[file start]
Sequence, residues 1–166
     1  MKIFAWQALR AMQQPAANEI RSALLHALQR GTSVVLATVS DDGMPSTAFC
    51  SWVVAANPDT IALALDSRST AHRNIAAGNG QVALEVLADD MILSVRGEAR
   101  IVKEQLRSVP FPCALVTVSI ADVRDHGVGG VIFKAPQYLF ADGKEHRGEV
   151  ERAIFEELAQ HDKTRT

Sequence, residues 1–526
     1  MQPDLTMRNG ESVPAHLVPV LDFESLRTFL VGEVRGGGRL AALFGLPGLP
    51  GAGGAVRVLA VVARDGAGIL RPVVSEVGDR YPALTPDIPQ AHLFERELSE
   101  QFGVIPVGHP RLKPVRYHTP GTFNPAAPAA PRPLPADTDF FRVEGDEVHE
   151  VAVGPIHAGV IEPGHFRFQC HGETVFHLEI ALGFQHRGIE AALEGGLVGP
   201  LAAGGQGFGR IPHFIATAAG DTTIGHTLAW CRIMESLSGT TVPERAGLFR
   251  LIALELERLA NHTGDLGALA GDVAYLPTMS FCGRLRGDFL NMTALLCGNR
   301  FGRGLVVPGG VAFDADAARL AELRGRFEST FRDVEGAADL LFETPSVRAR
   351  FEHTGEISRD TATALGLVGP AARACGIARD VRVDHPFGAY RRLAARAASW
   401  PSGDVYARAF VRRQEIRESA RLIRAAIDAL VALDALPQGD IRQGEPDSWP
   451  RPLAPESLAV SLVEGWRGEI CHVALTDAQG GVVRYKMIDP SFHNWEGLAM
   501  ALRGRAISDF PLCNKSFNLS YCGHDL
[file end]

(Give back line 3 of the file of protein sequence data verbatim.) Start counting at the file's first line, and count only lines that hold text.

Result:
    51  SWVVAANPDT IALALDSRST AHRNIAAGNG QVALEVLADD MILSVRGEAR